This has changed a lot since last year when the focus was more on communications and conventional stuff like mobile payments.

This year, the major areas of focus include a lot of next-gen communications tech we honestly had to look up, most of which involve low-power, limited networks for IoT.

• Biz development

• IoT

• 5G prototyping

• Long-Term Evolution for Machines/IoT-only networks

• Low-latency prototyping that uses DT capabilities to make things such as VR content more practical than storing terabytes of data on the Cloud

What they offer (from the website):

Startups receive four different kinds of assistance: investment, co-working space, mentoring and access to Deutsche Telekom and its experts. In Berlin and Krakow startup events and internal Deutsche Telekom innovation events are held at regular intervals – these include hackathons and boot camps about AI, IoT and cyber security.

Who they’re looking for:

  • Excellent team of 2 to 4 founding members
  • An outstanding, scalable idea
  • Passion, energy, and commitment to make things happen
  • Capital company, founded or forming


• Incubator program supports with seed financing, mentoring, co-working and corporate leverage to build and launch a product. This program is available in Berlin and Krakow.

• The Accelerator program helps to sharpen business ideas and to develop a sound business model. Currently available in batches in Krakow.

• Growth program is specially designed to help you expand business to Europe and beyond. Program is available in Tel Aviv.

You can apply here.

Kickstart Accelerator, Zürich

Kickstart Accelerator is an initiative of Impact Hub Zürich and is one of Europe’s largest zero equity, multi-corporate accelerators. And they just opened their application process last month.

You can apply here.

Know going in that this 11-week program is focused on deep technologies – science-and-engineering-driven technologies including AI, Big Data, Blockchain, Robotics etc. – in and around the areas of EdTech and education, FinTech & crypto-currencies, food & retail tech, and Smart Cities and Infrastructure. So, if you have an idea for another food-delivery app, this might not be the place.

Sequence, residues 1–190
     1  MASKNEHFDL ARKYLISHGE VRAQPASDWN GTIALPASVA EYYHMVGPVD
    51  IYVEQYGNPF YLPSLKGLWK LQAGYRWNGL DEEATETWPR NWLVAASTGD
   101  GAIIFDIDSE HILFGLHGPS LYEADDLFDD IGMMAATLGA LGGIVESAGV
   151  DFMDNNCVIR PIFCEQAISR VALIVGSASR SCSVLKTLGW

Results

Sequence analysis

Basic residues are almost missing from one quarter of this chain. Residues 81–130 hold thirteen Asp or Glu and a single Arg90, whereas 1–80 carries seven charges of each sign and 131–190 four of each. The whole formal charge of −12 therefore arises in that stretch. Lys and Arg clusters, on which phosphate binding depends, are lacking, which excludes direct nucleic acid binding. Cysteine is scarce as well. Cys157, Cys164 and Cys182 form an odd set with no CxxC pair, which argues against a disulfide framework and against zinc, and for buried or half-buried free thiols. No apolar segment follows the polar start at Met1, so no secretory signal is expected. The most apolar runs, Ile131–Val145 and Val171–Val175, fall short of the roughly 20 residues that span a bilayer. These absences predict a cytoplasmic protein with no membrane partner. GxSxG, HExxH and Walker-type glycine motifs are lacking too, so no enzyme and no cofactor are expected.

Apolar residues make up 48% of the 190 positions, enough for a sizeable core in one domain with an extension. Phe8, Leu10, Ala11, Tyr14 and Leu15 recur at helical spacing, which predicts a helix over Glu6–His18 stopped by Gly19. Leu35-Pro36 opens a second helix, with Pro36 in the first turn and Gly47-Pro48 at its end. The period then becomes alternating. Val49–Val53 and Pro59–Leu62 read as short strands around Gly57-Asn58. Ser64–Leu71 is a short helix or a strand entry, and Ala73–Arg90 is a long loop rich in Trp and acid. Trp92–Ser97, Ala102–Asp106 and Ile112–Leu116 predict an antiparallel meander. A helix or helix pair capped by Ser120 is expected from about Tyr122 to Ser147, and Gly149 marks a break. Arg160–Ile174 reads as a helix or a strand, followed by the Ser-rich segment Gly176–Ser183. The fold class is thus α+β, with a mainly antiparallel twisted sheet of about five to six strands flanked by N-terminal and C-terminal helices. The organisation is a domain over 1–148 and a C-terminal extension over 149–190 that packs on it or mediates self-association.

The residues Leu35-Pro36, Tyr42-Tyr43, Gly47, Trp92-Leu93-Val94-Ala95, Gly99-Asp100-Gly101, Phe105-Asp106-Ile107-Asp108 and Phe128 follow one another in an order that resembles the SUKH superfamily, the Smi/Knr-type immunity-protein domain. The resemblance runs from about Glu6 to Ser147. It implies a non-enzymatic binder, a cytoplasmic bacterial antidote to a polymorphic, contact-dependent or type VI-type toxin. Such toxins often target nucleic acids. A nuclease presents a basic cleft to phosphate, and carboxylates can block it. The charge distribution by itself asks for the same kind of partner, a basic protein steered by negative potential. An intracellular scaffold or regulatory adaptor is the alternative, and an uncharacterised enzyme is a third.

Also, this is in Zürich, which is expensive. VERY expensive. Not that we’re trying to discourage you. Not only could you get serious funding and great mentors, Kickstart participants can get a program stipend of up to 10,000 Swiss francs per startup. That should help lessen the pain.

Because of ETH Zürich, Switzerland is emerging as a great place for Fintech and MedTech startups such as medical robotics. If you have engineering talent and a great team, go for it.

Stockholm Innovation & Growth (Sting)

Sweden has had so many successes in the past five years you can legitimately start to compare it to The Valley without anyone snickering.

With PayPal buying iZettle last week for $2.4 billion, Sweden just had its third bllion-dollar-plus exits in 10 months. Sound like fun? Here’s how you could play.

Stockholm Innovation & Growth has both incubator (6-18 months) and accelerator programs (4 months).

Last year, the Sting website didn’t work (which blew our minds.) This year, it’s brilliant.

So here are the deets about what sort of startups Sting is looking for:

• Business idea based on an innovative technology
• Solves a clear and big problem
• Some early “proofs of concepts”
• Scalable product or service that can become an international success story
• Team of at least two founders who are strong in both tech and biz dev.

Biz categories are:

• Internet/media
• Health
• Sustainability
• Games

From the website:

In the ICT area we work primarily, but not exclusively, with B2B companies in software, hardware, SaaS solutions, cloud computing, financial technology, education technology, enterprise software and the Internet of Things. ICT is one of our biggest areas and the one where STING has been active the longest.

STING is a member of the global GAN Network of accelerators founded by TechStars’ Brad Feld and David Cohen. Several of its startups have raised serious money including food-waste app Karma, which raised a $4 million A-round last year.